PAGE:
State accused of owing large amount to hospitals
The state, via health insurance companies, owes hundreds of millions of crowns to hospitals. That’s according to a petition from representatives of medical unions, the hospitals association and other organisations, who have made a fresh call on Prime Minister Andrej Babiš to take action.
The PM and the Ministry of Health said at the time that the appeal was nothing but a false alarm.
The minister of health, Adam Vojtěch, said the state had ploughed record sums into the healthcare system in recent years.
However, this has not placated the government’s critics.
The president of the Association of Bohemian and Moravian Hospitals, Eduard Sohlich, said the fact that the state, through health insurers, owed so much money to hospitals had placed them in a critical situation.
Mr. Sohlich said hospitals were unable to maintain current levels of care and would be forced to reduce the quality of their services.
Prime Minister Babiš said there was no danger of the health system collapsing. He said the health insurers were not the state that did not belong to the state.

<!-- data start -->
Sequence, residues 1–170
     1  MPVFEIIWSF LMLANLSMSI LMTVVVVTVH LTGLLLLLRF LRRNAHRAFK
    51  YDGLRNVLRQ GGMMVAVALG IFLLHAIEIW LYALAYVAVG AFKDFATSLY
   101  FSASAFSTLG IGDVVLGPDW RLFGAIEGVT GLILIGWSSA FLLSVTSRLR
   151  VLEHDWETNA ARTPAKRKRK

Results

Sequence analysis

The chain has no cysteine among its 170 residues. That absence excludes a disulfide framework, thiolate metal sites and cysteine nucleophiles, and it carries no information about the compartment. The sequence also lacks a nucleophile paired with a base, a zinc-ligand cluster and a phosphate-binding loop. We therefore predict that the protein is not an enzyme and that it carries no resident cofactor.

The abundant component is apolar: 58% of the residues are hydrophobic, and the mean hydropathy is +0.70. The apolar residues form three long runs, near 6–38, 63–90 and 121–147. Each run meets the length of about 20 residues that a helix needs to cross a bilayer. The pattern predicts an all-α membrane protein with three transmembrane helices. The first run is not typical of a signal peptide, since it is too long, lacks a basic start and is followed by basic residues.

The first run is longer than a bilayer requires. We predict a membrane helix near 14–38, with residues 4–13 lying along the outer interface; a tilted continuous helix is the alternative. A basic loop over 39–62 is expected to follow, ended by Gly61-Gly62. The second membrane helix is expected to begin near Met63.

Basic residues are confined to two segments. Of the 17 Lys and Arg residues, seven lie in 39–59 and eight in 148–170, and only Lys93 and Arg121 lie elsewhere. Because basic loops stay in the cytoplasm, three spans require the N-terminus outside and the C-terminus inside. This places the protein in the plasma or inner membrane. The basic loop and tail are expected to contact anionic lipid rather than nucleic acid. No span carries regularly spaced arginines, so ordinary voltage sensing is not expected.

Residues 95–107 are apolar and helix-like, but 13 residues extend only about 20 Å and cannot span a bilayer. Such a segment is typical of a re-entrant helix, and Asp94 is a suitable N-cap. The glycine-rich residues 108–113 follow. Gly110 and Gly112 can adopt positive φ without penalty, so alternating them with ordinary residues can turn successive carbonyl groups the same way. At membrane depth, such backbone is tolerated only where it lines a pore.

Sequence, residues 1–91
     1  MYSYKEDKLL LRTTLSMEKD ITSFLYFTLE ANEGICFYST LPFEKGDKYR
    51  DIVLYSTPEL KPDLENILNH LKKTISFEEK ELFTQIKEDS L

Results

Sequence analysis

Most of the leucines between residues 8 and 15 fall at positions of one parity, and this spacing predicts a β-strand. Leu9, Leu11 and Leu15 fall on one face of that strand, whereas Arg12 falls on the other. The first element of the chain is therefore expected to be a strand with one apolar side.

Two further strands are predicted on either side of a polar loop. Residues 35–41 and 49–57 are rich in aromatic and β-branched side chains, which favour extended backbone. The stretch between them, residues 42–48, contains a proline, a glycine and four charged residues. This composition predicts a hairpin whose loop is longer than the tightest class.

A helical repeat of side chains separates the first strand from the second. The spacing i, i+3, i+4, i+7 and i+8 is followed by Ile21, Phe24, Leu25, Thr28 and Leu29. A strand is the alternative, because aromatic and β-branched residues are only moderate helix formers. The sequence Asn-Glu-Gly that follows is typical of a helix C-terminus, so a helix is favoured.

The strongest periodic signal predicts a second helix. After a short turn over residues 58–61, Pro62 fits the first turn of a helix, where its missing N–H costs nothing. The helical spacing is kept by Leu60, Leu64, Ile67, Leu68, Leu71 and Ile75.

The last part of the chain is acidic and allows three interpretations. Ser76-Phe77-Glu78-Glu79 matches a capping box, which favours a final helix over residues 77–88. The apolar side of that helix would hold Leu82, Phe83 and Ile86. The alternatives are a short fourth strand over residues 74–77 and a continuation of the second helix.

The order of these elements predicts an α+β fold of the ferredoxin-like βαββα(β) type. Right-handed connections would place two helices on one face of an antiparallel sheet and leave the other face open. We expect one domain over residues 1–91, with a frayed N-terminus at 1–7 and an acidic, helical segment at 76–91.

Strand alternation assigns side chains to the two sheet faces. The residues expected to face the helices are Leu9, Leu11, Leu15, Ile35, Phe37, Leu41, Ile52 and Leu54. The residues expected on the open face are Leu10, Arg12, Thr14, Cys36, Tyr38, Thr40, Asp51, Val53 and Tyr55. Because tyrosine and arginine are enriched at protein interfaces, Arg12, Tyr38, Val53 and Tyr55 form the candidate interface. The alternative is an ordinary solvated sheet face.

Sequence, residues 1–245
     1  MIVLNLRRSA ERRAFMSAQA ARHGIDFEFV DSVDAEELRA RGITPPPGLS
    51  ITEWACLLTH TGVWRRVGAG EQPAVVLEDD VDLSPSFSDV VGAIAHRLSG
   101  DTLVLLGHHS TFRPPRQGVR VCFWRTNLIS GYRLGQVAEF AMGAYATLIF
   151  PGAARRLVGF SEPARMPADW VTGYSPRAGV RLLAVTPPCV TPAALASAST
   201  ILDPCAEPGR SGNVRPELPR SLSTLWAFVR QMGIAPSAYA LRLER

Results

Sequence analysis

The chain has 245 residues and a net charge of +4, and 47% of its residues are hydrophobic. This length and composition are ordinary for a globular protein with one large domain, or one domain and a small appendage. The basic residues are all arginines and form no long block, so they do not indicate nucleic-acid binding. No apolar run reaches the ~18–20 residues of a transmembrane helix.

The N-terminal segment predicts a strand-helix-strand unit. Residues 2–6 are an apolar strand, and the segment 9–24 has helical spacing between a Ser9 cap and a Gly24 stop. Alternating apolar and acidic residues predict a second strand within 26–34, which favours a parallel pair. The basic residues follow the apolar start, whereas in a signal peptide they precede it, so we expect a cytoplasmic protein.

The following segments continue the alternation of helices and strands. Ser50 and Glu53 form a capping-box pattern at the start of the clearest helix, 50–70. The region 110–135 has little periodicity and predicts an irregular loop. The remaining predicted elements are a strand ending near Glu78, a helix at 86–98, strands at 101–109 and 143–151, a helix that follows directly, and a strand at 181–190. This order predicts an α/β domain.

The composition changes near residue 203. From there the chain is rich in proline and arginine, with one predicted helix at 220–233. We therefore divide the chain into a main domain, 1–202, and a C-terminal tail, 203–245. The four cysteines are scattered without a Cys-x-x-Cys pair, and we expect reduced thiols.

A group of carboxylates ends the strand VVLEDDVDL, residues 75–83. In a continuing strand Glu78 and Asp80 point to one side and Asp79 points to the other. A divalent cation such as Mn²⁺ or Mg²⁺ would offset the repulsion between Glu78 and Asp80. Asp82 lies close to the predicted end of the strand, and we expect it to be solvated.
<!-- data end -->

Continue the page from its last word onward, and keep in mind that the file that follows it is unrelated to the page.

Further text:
The largest insurer in the Czech Republic, VZP, which has six million clients, is state run. There are six other health insurance companies.
Mr. Babiš said many state hospitals were doing better financially now than they were last year. He said problems could occur in individual cases due to poor management.
Since 2016 the country’s hospitals have received over CZK 38 billion in reimbursements for care provided, the PM said.
The organisations that wrote the new petition say the insurers have CZK 60 million in their accounts and called on them to pour CZK 25 billion into reimbursements for care.
The Ministry of Health counters the appeal is aimed at extracting more money. What’s more, it has been made outside the framework of the usual consultation procedure, it said.
Minister Vojtěch argues that the insurers need to hold onto their reserves in case of a possible economic downturn. They do not currently possess the level of reserves they had prior to the last financial crisis, he said in a statement.
The president of the Union of Patients, Luboš Olejár, said patients in the Czech regions were already receiving demonstrably inferior care to those in major cities.
The Ministry of Health’s sluggishness and inactivity were making a bad situation in the regions even worse, he said.